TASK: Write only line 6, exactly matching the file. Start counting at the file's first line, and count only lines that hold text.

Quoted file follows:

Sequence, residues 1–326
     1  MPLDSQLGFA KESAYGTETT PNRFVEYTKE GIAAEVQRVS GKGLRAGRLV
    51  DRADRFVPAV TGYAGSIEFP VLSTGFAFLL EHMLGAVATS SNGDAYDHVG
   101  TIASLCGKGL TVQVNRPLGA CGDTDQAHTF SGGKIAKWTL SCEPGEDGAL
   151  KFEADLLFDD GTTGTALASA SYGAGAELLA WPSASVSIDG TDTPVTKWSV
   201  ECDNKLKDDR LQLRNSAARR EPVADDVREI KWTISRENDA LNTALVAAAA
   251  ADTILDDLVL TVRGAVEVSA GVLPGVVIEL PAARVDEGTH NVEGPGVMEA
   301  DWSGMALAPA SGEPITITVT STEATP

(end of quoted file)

   201  ECDNKLKDDR LQLRNSAARR EPVADDVREI KWTISRENDA LNTALVAAAA